Thursday, April 27, 2006

Criminal justice and the Rosenhan Experiment

In his famous experiment, David Rosenhan raised serious questions about the validity of psychiatric diagnosis. Sane people were admitted into psychiatric hospitals because they claimed that they heard voices saying "empty", "hollow" and "thud". Once admitted they no longer claimed to hear voices and behaved normally. Moreover, they made no attempt to falsify their family history or other relevant biographical details in order to appear unstable. Nonetheless, these pseudopatients were admitted and diagnosed as mentally ill. In no case were they caught as imposters-not even when their symptoms quickly disappeared.

Rosenhan made a couple of telling observations in his 1973 paper in Science ("On Being Sane in Insane Places").

Once a person is designated abnormal, all of his other behaviors and characteristics are colored by that label. Indeed, that label is so powerful that many of the pseudopatients' normal behaviors were overlooked entirely or profoundly misinterpreted. Some examples may clarify this issue.

As far as I can determine, diagnoses were in no way affected by the relative health of the circumstances of a pseudopatient's life. Rather, the reverse occurred: the perception of his circumstances was shaped entirely by the diagnosis.
The medical professionals were primed to see abnormality. Once they thought they saw it, that perception distorted every thing they learned about the patient.

It seems to me that something similar can happen when a genuinely innocent person is caught in the criminal justice system. The police, the prosecutors, and (maybe) even the defense attorneys are accustomed to dealing with guilty people. There is a temptation to shape any and all evidence into a mosaic that proves guilt. Was the subject nervous at the interview? Evidence of a guilty conscience. Was he calm? The brazen act of a born manipulator. Did he hire a lawyer? Only the guilty lawyer-up. Did he come in with no attorney? The bold gambit of a practiced liar.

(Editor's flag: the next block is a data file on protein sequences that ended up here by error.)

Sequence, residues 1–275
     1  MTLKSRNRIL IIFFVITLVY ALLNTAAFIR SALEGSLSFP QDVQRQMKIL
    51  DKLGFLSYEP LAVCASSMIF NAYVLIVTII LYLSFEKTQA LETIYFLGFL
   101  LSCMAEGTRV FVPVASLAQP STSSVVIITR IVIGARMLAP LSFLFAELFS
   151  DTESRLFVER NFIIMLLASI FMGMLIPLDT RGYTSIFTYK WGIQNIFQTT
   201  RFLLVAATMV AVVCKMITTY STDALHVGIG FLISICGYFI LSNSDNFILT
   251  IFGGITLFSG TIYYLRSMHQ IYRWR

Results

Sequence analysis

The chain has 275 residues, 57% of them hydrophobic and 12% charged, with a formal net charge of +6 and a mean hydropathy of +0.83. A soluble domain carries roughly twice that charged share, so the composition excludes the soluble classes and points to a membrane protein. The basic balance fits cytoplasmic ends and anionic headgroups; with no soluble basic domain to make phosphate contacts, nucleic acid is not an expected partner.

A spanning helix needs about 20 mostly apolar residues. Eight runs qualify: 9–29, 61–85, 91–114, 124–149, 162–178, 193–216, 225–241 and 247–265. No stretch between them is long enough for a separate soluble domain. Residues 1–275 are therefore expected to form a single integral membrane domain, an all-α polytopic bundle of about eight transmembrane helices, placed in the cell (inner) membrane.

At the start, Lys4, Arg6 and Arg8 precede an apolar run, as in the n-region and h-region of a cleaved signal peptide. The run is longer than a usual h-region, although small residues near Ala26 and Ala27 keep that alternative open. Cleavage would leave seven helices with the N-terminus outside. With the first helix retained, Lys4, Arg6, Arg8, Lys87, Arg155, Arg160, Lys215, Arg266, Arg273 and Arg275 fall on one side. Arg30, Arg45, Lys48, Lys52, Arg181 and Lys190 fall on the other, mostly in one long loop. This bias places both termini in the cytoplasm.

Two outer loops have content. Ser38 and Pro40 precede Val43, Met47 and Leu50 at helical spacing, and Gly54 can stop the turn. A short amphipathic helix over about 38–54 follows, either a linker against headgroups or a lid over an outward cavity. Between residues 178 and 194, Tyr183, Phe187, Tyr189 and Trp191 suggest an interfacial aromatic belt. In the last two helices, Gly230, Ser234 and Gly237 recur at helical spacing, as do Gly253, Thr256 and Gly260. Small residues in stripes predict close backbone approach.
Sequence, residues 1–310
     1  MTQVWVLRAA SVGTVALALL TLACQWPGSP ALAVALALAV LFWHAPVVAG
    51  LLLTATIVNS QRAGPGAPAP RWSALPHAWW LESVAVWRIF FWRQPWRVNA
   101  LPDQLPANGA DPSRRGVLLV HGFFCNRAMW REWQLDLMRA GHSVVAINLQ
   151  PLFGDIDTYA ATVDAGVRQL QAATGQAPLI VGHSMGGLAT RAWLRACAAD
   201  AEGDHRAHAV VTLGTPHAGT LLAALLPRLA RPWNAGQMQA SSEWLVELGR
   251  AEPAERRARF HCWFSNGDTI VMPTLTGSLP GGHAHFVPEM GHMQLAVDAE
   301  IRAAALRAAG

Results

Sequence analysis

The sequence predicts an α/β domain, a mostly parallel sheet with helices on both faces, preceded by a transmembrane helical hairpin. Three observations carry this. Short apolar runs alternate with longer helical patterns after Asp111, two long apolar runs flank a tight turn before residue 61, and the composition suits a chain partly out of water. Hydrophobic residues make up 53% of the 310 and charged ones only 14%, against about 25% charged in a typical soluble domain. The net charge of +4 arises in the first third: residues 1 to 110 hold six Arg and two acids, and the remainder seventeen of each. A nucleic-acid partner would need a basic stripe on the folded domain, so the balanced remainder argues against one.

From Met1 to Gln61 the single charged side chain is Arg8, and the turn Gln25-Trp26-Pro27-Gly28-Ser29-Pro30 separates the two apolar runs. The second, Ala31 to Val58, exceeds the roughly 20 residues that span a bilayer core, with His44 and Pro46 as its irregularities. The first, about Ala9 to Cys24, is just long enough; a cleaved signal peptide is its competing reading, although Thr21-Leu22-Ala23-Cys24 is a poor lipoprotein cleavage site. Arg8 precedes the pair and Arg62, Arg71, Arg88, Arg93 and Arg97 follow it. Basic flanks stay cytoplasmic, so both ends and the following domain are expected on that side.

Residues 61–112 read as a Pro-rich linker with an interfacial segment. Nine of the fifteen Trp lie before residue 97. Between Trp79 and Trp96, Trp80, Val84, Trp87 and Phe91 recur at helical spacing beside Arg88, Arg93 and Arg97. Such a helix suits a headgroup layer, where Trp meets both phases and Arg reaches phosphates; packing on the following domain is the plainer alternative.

If the suspect offers exculpatory evidence the prosecutors can simply revise their theory of the crime. Does she have an alibi for 5.00 PM? Well, then, the crime must have occurred earlier.

There seems to be no inherent dynamic in the investigation to find the best "explanatory fit". Rather it appears that once an explanation is chosen, nearly all the effort goes to defending it. Since the fallacy of the ad hoc hypothesis is encouraged ("on-going investigation") the prevailing prosecution theory is almost impossible to falsify.*

It goes without saying that these problems are magnified when the investigation becomes fodder for the MSM. The fundamental weakness in the system becomes evidence of things as yet unseen. The obstinate reliance on the initial diagnosis is taken as proof that investigators know more than they are saying. When public information raises questions about the state's case, crime pundits will rush forward to assure us that the prosecutor must have evidence that he is holding back.

As someone with an unbecoming interest in epistemology, historiography, and methodology this bothers me. As a conservative, it also bothers me that my fellow right-wingers only get riled up on these issues when they can use them to attack their traditional enemies-Al Sharpton, feminists, campus leftists-- as in the Duke lacrosse case.

*UPDATE and clarification. What i was trying to say was this: Once a suspect is picked, the investigation slips from "who did it?" to "how did X do it?". Further, the process does not easily return to the first question even when new evidence appears.

No comments: